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Re: C++ PATCH: PR 20599 (1/3)

On 9/25/06, Doug Gregor <> wrote:

On Sep 25, 2006, at 9:58 AM, Howard Hinnant wrote: > I would prefer something more like: > > g++ my_source.cpp -enable_rvalue_refs -enable_variadic_templates - > enable_static_assert -lboost -lAcme

Whereas I would prefer, e.g.,

g++ -std=c++0x -lboost -lAcme

Otherwise, users need to track exactly what we're done in each minor
release to try out these features. For instance, with GCC 4.3.0 users
might need to write:

        g++ my_source.cpp -enable_rvalue_refs -enable_variadic_templates -
enable_static_assert -lboost -lAcme

Then for GCC 4.3.1 we implement more of the C++0x working draft, so
we now have:

        g++ my_source.cpp -enable_rvalue_refs -enable_variadic_templates -
enable_static_assert -enable-decltype -enable-auto -lboost -lAcme

Then maybe the committee changes its mind, so we yank a feature [*]
from GCC 4.3.2 and get:

        g++ my_source.cpp -enable_rvalue_refs -enable_variadic_templates -
enable-decltype -enable-auto -lboost -lAcme

Now users need to determine the patch level of g++ to enable C++0x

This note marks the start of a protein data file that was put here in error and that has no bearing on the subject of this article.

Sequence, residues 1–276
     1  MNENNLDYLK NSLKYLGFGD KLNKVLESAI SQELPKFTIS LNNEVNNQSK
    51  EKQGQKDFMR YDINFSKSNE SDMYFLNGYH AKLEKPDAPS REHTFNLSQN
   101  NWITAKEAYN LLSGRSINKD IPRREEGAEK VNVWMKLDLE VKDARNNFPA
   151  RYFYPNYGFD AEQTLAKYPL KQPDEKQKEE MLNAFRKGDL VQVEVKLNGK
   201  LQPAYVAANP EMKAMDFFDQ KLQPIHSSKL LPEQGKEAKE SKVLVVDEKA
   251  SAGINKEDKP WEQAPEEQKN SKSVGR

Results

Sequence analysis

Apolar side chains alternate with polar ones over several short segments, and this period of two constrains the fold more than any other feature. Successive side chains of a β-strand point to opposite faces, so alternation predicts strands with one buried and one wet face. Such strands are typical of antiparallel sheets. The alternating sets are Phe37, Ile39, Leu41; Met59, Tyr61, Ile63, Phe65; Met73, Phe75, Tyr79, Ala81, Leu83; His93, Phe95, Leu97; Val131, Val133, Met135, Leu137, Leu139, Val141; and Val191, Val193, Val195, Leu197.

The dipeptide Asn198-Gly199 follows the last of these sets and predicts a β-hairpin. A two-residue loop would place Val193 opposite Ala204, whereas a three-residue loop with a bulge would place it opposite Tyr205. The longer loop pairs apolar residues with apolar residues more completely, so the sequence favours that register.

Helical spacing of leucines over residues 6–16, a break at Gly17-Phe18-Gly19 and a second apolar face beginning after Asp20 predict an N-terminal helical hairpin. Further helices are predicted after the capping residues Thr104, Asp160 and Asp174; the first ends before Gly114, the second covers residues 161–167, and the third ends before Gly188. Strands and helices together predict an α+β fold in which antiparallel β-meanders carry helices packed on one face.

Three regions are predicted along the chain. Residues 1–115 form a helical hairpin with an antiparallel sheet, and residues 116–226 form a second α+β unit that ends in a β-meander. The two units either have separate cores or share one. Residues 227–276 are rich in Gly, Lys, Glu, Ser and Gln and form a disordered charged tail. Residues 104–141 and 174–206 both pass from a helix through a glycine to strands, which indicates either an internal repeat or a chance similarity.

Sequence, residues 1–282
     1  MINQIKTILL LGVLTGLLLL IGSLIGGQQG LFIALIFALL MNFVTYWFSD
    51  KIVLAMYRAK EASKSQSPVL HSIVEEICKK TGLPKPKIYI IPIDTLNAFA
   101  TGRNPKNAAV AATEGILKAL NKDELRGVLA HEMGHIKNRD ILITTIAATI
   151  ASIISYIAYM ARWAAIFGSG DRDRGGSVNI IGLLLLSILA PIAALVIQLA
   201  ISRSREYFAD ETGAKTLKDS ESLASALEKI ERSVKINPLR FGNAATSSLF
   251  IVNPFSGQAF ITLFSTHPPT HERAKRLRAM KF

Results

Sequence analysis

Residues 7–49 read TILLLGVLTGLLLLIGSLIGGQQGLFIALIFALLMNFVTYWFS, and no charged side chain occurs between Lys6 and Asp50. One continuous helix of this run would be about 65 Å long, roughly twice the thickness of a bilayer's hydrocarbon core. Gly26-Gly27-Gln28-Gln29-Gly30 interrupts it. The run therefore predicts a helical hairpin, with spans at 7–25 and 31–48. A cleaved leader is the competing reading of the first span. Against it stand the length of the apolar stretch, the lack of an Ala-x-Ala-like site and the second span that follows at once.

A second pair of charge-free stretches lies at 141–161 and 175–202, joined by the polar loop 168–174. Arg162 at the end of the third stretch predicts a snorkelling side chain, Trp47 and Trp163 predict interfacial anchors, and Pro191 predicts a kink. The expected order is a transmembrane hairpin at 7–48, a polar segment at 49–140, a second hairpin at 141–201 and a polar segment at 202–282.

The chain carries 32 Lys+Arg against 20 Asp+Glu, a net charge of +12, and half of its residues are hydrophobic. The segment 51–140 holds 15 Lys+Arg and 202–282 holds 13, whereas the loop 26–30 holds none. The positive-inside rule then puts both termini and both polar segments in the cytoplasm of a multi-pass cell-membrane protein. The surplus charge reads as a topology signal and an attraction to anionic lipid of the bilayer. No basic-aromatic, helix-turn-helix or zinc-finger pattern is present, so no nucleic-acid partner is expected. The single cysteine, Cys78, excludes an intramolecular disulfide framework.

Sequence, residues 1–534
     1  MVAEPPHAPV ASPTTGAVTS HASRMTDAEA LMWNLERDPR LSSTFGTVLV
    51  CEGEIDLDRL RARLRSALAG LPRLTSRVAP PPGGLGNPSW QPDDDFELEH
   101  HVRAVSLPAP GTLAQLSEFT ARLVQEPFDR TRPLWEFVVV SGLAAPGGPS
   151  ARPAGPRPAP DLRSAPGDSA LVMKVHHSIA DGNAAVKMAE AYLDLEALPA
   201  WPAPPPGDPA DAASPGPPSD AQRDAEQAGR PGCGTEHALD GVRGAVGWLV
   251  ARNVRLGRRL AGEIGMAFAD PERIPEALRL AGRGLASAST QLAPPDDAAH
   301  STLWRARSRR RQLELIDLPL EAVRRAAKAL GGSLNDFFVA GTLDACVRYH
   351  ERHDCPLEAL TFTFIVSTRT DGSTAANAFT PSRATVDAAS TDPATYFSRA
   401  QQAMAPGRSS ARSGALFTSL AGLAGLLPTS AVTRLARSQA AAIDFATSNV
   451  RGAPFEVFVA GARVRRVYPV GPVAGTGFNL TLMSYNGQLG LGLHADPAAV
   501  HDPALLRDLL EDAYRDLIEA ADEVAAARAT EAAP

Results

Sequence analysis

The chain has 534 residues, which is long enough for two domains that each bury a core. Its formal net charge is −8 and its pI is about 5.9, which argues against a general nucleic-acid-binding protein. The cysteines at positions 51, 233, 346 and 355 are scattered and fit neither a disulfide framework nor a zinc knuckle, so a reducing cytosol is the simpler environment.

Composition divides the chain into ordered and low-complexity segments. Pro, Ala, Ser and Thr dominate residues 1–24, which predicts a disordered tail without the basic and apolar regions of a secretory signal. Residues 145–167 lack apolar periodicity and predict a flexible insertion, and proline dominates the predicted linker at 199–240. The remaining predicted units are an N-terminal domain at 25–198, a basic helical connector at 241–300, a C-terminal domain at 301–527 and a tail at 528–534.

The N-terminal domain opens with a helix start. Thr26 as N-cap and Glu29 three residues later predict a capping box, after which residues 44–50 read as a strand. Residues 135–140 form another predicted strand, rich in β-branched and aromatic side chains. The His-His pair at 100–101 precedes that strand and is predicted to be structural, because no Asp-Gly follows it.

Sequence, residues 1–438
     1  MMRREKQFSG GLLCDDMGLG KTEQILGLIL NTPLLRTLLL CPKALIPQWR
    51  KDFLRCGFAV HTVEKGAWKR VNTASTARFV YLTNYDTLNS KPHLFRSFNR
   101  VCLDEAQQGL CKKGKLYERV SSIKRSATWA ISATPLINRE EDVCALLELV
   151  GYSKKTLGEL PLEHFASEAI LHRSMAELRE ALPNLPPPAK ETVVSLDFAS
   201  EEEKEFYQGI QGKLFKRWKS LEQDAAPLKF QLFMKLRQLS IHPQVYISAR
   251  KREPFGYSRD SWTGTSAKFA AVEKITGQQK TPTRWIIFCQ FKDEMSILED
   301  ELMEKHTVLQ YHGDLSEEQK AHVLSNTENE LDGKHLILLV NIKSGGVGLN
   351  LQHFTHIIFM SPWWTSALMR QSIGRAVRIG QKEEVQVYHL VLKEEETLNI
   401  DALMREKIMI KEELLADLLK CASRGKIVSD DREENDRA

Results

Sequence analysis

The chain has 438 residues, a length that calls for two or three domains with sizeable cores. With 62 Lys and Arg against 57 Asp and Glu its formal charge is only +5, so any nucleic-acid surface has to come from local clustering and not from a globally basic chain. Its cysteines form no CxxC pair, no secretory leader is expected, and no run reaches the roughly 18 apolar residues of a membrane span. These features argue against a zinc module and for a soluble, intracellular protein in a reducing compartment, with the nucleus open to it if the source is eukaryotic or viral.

features. If we have one flag, the variance in features from version
to version will be queried through feature-test macros (supplied by
the compiler). Users just decide whether they want the C++0x features
or not.

When C++0x goes out the door, we add -std=c++09 (just guessing <g>)
for the new standard and deprecate -std=c++0x. It's not much
different from what we're already doing with -std=c9x and -std=c99.

Well, this exactly points at the problem we are facing with adding extensions for future parts of the C++0x standard. We do _not_ want to encourage "persistent" use of the new features (which can and will vanish at any point without backwards compatibility).

This practically means the compiler should just provide _one_
-std=c++0x-draft (or whatever name) and _not_ provide preprocessor
macros for features included in the particular release.  This avoids
giving false promises about stability of these language extensions.

Uses in gccs own standard library implementation are "fine" in the
sense that at the point of implementation we know the feature set
we can rely on.  Of course something like #pragma gcc C++0x would
be needed to enable the language features for a subset of a translation
unit.  Or we would need to provide fallback implementations conforming
to the current C++ standard, which would be against the purpose of
using the new features in our library implementation.  Of course special
care needs to be take to remain ABI and Interface compatible between
implementations where required.

I still suggest somebody goes forward and creates a C++0x branch and
implements the suggested changes.


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